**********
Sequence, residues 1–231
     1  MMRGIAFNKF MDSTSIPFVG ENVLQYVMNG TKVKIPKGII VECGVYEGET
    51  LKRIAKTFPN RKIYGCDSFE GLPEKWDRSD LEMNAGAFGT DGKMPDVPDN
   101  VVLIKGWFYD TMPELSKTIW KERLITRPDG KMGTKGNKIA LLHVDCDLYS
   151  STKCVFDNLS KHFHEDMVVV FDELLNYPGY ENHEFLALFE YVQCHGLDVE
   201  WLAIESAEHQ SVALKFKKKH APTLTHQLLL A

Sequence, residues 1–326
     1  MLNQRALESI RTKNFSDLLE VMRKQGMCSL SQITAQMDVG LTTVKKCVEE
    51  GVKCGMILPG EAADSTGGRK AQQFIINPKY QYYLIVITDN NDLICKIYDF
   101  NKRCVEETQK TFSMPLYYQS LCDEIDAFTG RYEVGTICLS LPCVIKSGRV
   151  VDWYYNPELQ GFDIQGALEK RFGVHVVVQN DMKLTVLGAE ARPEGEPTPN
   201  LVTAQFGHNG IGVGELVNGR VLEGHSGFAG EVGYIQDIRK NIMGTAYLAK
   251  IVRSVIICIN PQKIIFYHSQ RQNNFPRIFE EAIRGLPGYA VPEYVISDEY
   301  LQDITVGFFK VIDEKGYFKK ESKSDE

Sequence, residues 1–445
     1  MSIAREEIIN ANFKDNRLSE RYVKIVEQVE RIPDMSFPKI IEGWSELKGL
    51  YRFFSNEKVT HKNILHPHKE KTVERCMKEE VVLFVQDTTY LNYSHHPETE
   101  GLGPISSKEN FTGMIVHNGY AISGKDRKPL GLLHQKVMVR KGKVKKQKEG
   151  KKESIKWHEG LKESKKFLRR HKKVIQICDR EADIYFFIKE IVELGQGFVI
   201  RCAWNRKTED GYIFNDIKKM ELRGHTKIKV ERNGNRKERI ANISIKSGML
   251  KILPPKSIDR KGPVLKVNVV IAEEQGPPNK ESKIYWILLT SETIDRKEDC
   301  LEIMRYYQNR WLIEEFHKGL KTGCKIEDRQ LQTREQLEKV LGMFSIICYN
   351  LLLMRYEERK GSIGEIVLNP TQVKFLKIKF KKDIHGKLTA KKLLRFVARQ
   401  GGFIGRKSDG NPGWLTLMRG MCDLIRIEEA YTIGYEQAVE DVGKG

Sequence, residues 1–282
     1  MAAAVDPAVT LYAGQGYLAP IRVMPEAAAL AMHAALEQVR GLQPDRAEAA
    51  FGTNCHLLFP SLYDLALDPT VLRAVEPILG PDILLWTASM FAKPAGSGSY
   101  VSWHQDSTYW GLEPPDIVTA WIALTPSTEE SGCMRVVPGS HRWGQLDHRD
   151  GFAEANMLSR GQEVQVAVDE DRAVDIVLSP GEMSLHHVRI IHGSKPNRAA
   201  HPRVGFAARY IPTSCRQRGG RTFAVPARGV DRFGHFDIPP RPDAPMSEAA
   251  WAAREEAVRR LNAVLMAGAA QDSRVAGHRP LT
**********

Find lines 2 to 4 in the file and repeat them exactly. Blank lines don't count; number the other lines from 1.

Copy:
     1  MMRGIAFNKF MDSTSIPFVG ENVLQYVMNG TKVKIPKGII VECGVYEGET
    51  LKRIAKTFPN RKIYGCDSFE GLPEKWDRSD LEMNAGAFGT DGKMPDVPDN
   101  VVLIKGWFYD TMPELSKTIW KERLITRPDG KMGTKGNKIA LLHVDCDLYS